Pope Advocates for Phasing Out Fossil Fuels

In a historic address to the UN climate conference Cop28 in Dubai, Pope Francis, who was unable to deliver the speech due to a lung infection, urged for the phasing out of fossil fuels. Cardinal Pietro Parolin, the Vatican’s Secretary of State, delivered the message on his behalf.

He said: ‘Destruction of the environment is an offence against God, a sin . . . that greatly endangers all human beings, especially the most vulnerable in our midst and threatens to unleash a conflict between generations.

‘Are we working for a culture of life or a culture of death? To all of you I make this heartfelt appeal: Let us choose life!

The Pontiff, leader of the world’s 1.3 billion Roman Catholics, urged for a ‘decisive acceleration’ in energy efficiency, the adoption of renewable sources, the phasing out of fossil fuels, and promoting awareness to reduce dependence on them. Additionally, he cautioned against attributing environmental destruction solely to ‘the poor and high birth rates.’

‘It is not the fault of the poor, since almost half of our world, that is more needy, is responsible for scarcely 10 per cent of greenhouse gas emissions, while the gap between the opulent few and the masses of the poor has never been so abysmal,’ he said.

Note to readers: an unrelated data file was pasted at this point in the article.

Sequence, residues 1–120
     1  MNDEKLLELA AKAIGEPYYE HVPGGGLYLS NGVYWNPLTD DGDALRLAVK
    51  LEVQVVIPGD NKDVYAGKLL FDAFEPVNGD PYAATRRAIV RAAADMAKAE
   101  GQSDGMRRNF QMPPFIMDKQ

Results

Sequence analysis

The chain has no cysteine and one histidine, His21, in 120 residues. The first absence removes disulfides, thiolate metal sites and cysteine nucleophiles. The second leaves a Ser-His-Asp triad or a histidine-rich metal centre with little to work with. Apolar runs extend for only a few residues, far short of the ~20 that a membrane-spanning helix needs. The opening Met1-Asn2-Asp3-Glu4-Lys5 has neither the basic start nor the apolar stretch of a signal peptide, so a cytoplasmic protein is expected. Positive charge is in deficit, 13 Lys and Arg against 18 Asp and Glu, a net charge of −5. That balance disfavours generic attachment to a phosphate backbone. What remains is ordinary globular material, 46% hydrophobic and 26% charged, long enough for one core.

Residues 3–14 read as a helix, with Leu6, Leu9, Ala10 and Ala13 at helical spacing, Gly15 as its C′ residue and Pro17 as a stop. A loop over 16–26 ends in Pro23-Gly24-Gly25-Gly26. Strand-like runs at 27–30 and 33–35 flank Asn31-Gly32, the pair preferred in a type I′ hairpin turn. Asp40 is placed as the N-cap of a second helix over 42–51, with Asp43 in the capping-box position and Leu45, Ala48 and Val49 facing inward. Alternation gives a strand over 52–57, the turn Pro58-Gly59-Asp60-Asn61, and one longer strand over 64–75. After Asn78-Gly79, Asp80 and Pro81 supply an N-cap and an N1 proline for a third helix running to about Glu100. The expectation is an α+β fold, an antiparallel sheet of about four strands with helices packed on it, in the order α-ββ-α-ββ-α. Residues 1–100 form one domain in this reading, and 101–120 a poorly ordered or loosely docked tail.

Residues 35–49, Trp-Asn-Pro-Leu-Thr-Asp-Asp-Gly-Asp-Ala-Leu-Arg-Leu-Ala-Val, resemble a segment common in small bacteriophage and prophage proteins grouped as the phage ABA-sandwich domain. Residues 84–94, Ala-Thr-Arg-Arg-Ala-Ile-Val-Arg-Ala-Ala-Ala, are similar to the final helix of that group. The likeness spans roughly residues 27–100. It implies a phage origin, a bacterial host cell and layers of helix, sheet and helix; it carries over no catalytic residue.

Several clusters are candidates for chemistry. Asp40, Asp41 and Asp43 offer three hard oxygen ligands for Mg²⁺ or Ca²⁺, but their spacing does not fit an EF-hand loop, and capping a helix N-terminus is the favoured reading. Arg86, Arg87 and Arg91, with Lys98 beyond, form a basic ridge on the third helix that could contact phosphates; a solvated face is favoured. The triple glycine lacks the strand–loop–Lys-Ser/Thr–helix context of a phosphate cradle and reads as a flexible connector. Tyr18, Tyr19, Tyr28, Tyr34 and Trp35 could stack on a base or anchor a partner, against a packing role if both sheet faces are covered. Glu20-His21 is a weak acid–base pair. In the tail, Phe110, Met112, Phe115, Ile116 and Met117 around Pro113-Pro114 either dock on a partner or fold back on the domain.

The fate of fossil fuels is a pivotal topic in the discussions, with countries deliberating between committing to ‘phasing out’ or ‘phasing down’ these energy sources.

Cop28 president Dr Sultan Al Jaber, hailing from the United Arab Emirates (UAE) and serving as the chief executive of Abu Dhabi National Oil Company, has indicated a preference for a ‘phasedown’ approach, aiming to decrease oil and gas emissions. However, a study by the advocacy group Global Witness revealed that the UAE plans to boost its oil and gas production capacity by 42 percent by 2030.

US Special Envoy John Kerry declared for the first time that the United States would refrain from constructing new coal power plants and would work towards the gradual phase-out of existing ones. Additionally, twenty-two nations, including the UK, US, and France, pledged to triple their investments in nuclear power.

The summit, attended by leaders from nearly 200 countries and approximately 100,000 delegates, is scheduled to continue until December 12.